You might think that 3-year-old children are too young to learn about cancer. You might think that cancer is a topic too heavy and deep for a teacher to be discussing with 3-year-olds.
Under most circumstances that might be true. But Jan Smith’s kindergarten classes are not like most other classes. In each class, she has a cancer survivor. In each class she has a child that was likely born with cancer. In each class she has a family that still lives life from scan to scan, existing now as “normal families,” but realizing that normality can change with any new day.
As Jan teaches her 3-year-old children, she sees Chandler Booth, son of Jim Mac and Kim Booth, and McKenzie Fleming, twin sister of Kylie and daughter of Steve and Carol Fleming, as two very special children among a classroom of special children.
To look at these children, no one would suspect the battles they have fought. They look as normal as any 3-year-old. Though the families do not dwell on their cancer, it not far from their minds. They know that like a roaring lion in one’s living room, the cancer can raise its ugly head again but there are great hopes that the cancers of these children can be cured.
Recently, Jan’s classes were read the story of Alex Scott, a true story of a little girl who became sick with cancer. In simple language, the story tells of a happy girl who became sad when the doctor told her she was very sick and needed strong medicine to get better. The medicine made her hair fall out. Determined to feel better again, Alex decided she would do something to help other children who were sick like she was to get better, too. So she set up a lemonade stand and sold lemonade. She gave the money to the hospital to help other sick kids get well.
Jan’s 3-year-olds then had their turn selling fresh-squeezed lemonade to moms and dads, grandparents, the church staff and church members. They told all the customers their money was going to help make sick children in the hospital get well. It was obvious each child felt he or she was doing something important and worthwhile.
In the appendix of the children’s book, Alex and the Amazing Lemonade Stand, which is hand-signed by the author as a gift to the Booth family, the adults are told that Alex was diagnosed with neuroblastoma before her first birthday. This is the same cancer Chandler Booth was diagnosed with 47 days past his first birthday.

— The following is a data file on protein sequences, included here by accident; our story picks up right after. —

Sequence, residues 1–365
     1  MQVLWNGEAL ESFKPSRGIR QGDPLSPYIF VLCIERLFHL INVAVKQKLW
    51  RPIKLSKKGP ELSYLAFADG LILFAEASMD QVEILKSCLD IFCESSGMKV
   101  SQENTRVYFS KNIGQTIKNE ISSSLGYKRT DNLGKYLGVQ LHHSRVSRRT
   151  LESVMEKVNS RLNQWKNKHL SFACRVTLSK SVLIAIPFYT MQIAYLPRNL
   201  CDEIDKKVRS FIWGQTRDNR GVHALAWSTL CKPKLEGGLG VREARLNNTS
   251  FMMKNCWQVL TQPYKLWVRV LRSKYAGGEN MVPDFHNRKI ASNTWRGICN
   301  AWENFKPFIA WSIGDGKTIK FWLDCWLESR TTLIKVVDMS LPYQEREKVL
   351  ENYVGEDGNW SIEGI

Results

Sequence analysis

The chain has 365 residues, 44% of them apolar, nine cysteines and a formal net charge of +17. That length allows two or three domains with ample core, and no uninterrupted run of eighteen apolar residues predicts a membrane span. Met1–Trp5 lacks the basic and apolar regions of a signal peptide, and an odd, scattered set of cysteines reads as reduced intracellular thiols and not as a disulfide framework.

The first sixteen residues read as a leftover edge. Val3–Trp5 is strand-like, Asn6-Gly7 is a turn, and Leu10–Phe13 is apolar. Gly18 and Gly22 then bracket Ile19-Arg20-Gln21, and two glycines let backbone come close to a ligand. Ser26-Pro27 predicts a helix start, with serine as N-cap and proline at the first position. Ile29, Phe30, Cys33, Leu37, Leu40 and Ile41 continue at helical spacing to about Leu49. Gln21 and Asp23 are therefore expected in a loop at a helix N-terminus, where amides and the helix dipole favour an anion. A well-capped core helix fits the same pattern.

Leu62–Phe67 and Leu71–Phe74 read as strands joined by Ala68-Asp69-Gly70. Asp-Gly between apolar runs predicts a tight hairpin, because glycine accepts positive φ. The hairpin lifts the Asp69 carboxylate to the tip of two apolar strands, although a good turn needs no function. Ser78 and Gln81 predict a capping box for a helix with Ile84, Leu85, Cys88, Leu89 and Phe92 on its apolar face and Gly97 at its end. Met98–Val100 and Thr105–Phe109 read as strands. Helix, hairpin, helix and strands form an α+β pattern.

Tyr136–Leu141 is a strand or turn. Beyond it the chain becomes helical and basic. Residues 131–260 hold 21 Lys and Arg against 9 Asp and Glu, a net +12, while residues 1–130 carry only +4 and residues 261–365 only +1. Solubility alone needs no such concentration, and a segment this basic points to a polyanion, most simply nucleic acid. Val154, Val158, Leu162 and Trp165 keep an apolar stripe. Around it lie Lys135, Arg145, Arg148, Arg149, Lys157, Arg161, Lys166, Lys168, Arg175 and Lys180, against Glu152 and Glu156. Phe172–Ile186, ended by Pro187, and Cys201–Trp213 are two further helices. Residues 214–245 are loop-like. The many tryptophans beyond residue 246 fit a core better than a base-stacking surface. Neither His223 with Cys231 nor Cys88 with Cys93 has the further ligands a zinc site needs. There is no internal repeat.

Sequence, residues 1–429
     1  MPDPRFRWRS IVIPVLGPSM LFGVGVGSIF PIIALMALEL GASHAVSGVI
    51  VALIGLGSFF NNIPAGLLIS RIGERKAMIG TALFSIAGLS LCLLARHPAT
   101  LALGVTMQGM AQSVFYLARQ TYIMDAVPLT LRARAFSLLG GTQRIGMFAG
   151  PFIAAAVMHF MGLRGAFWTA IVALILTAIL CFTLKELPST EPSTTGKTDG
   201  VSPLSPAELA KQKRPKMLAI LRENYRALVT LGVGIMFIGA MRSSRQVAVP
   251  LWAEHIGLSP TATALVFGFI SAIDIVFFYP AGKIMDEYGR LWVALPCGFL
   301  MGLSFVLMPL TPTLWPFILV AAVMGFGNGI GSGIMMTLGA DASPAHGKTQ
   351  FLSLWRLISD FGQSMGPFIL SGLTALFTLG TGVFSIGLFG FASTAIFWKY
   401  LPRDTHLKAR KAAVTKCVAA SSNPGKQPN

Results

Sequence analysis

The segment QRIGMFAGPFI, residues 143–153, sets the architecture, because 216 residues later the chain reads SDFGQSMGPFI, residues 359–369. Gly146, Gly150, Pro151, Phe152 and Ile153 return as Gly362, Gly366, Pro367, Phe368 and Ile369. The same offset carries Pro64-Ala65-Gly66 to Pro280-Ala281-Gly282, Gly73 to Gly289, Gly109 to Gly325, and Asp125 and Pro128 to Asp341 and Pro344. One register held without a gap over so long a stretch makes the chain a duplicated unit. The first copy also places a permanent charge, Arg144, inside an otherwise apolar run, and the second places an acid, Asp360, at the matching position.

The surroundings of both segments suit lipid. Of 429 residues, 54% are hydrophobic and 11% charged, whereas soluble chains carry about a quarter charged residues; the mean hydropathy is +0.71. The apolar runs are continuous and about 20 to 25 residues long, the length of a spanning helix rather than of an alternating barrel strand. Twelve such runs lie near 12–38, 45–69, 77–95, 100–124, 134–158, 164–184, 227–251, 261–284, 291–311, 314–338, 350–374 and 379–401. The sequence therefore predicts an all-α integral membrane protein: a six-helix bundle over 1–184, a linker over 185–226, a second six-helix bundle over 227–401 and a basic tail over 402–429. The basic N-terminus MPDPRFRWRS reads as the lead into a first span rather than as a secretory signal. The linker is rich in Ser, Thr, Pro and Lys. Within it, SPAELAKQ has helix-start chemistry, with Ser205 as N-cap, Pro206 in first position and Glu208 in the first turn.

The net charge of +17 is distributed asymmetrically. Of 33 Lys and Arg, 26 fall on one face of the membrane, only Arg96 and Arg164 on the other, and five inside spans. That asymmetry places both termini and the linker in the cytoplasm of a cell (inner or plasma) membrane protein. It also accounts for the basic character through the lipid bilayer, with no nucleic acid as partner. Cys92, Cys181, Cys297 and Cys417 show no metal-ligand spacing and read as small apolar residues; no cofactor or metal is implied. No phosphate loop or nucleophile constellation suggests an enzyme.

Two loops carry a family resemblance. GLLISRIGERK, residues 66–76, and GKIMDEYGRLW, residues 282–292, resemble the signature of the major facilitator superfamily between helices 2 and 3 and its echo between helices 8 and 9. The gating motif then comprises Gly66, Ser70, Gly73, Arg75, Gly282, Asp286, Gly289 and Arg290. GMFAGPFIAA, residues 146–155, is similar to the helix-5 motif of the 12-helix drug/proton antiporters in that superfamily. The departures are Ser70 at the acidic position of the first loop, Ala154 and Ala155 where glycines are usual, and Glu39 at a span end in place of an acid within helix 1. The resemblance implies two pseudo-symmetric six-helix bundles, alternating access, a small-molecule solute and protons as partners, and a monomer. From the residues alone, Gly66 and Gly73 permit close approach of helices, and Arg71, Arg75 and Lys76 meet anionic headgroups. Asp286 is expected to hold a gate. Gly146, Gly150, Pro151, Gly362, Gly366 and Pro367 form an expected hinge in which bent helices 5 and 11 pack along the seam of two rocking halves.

The appendix also shares that Alex lost her battle with cancer in August 2004 at the age of 8. Before she died, and with the help of others, Alex had raised more than $1 million to help find a cure for all kids with cancer. Yet, her brave sprit continues to live in the hearts of her parents and friends and in the thousands of others who have set up lemonade stands across the country to raise money for cancer research.
The Scott family has surpassed the $2.5 million mark in a $5 million campaign to raise money this year for cancer research.
Alex’s mother, Liz, writes: “Despite all of the wonderful things in my life, there will always be a part of me that has to constantly work to accept the things I cannot change. I will always live in the shadow of grief. I will always have deep sadness that is just waiting to come to the surface. I will always have questions that will never be answered. I will always wonder what Alex would be like if she had survived her cancer. I will always feel a pull at my heart when I see a mother and daughter sharing a laugh together. If I don’t accept these things, then my life would be consumed by them. So, I have to accept them (I didn’t say I like them!) and I get on with life.”
The Booth family realizes that out of all the cancers, neuroblastoma is one of the deadliest. Yet, Chandler has a better chance of seeing adulthood than Alex Scott because the research is more advanced. The treatment is now more refined. Chandler benefits from journeys taken by the Alexes of this world.
As this article is written, Chandler is in Atlanta for another scheduled scan.
McKenzie, who was diagnosed with embryonal rhabdomyosarcoma, stage II, at four months of age, received a clear scan earlier this month in Atlanta. The Flemings are four months away from their last set of scans!
Carol has this beautiful quote on McKenzie’s Web site: “Children with cancer are like candles in the wind who accept the possibility that they are in danger of being extinguished by a gust of wind from nowhere and yet, as they flicker and dance to remain alive, their brilliance challenges the darkness and dazzles those of us who watch their light.”
Michael Helms is pastor of Trinity Baptist Church in Moultrie, Ga. His column appears in The Moultrie Observer.
Michael Helms is pastor of First Baptist Church in Jefferson, Georgia.